Lynda Hallinan discovers that location, location, location is the secret to actually harvesting and eating the summer veges she grows.
There was a time, not that long ago, when urban vegetable gardens were treated like dirty little secrets to be hidden out of sight from the street. Garden design books from my grandparents’ era speak of “his” and“hers” gardens and while the women tended matchy-matchy flower borders of bedding annuals out front, the menfolk were banished to the far corner of the backyard to mound up Agrias and grow runner beans as long as your arm.
“Down the back” was also where you’d find a few fruit trees, a compost heap, a 44-gallon drum incinerator and the rotary clothesline, which – unfortunately for the woman lugging a full basket of wet washing (and it was always a woman) – was usually inconveniently located about as far from the laundry as possible.
When I started writing about gardening, 20-odd years ago, the traditional quarter-acre block was being cross-leased and subdivided into smaller sections. The once ubiquitous Hills Hoist was turfed out in favour of tumble dryers and retractable clotheslines, and landscape designers were called upon to install patios, pergolas, decks, barbecue areas and raised vegetable beds.
In my former city garden, I wanted all that and more. I planted dwarf fruit trees and Dad helped me build four raised beds so I could have a crack at inner-city self-sufficiency. I wanted my vegetable garden to look like a French “potager”, the name given to a pretty but practical kitchen garden where flowers and all manner of vegetables happily cohabitate rather than sticking to their lanes in a traditional row-upon-row plot.
When I moved to the country a decade ago, I stuck with that casual potager style, albeit on a grand scale. Until a few months ago, I grew all our vegetables in 36 square beds in a converted equestrian arena at the bottom of the hill below our house. From my kitchen, it’s 188 steps down three flights of stairs through my citrus grove and plum orchard, and 171 steps home again if I hike back up the steep rose garden path. Both directions are fraught with fruity and floral distractions and slippery with moss in winter. (My herb garden, meanwhile, is just seven steps to the right of our front door, which explains why our meals were increasingly tasting of mint, parsley, sage and rosemary.)
Last year, having turned 45 and then broken my foot, I experienced an unexpected edible gardening epiphany. As I get older, I’m getting lazier – and quite frankly, I can no longer be bothered walking all that way to pick dinner, even if my Fitbit buzzes approvingly.
Conveniently, I’d also grown bored with the clipped buxus balls that used to hog the four beds in front of our stable block, 12 steps to the left of our house, so they recently got the heave-ho to make way for a new mini (and manageable) vegetable garden.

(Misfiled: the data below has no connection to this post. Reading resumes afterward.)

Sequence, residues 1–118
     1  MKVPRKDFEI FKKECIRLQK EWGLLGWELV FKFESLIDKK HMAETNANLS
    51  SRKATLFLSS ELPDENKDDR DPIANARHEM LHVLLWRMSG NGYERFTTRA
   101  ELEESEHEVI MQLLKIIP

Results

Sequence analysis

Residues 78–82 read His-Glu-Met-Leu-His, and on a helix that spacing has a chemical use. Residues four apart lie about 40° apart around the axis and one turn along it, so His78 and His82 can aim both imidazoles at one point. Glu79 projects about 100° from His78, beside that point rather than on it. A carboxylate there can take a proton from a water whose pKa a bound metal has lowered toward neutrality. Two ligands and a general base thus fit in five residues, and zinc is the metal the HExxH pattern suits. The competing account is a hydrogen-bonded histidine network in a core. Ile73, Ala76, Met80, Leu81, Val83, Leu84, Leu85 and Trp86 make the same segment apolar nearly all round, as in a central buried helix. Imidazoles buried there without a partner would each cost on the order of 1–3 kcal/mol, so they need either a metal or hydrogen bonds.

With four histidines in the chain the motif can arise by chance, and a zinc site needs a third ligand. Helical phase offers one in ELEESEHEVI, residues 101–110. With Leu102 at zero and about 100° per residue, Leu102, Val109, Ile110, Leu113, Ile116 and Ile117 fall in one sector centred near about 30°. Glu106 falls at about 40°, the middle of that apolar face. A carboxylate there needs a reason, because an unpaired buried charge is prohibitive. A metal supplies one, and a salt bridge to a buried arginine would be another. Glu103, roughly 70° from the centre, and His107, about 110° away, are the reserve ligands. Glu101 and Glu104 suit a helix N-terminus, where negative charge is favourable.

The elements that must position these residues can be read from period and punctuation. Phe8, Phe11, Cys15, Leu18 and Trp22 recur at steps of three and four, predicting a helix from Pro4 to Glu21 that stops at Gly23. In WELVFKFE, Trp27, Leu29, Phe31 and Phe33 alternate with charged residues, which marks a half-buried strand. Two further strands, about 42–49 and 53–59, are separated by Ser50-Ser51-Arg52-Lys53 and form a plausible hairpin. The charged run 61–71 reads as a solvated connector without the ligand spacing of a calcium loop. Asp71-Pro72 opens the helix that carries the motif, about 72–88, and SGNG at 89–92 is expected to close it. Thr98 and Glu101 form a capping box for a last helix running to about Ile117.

When your backyard isn’t limited by urban boundaries, it’s easy to overdo it, to sow a packet of zucchini seeds or several dozen lettuces when one or two plants would probably suffice. Every year I’m ashamed to admit that we grow far too much of everything and eat only a fraction of it.
In my defence, nothing goes to waste. Our kunekune pig has an insatiable appetite for missed marrows, the chooks clean up crops that run prematurely to seed – here’s looking at you, parsnips – and our rescue cows, Rusty and Dusty, chomp the caterpillar-infested brassicas.
To prepare my new plot, in spring I dug in compost and a sprinkle of general garden fertiliser then direct- sowed carrots, rocket, spinach and sugar snap peas.
I mounded up two rows of ‘Swift’ and ‘Rocket’ seed potatoes and transplanted baby beets, basil, celery and cherry tomatoes for summer, plus borage for bees and calendulas, larkspurs, dahlias and sweet peas for posies.
Three months on, we’ve tripled our vegetable consumption, proving that indolence, ironically, can also be quite an incentive to get growing.
- The fundamental rule of real estate marketing – location, location, location – also applies to raised beds. The closer your beds are to your kitchen, the more likely it is that you’ll eat from them every day.
- If you can harvest in bare feet, even better. All-weather access is important too – gravel, grass and bark paths are all comfortable underfoot, whereas concrete and tiles are often intolerably hot in summer.
- Choose a spot with full sun, shelter and free-draining soil. Keep raised beds low, unless your soil is puggy clay, or you’ll be forever topping them up with store-bought mixes.
- Save space by growing climbing crops of beans, peas, cucumbers and gherkins up teepees, trellis or netting frames.
- Starting out this season? Aim for salad self-sufficiency by sowing baby spinach, mesclun, cos and oak-leaf lettuces, coriander, basil and Italian parsley in tubs or troughs.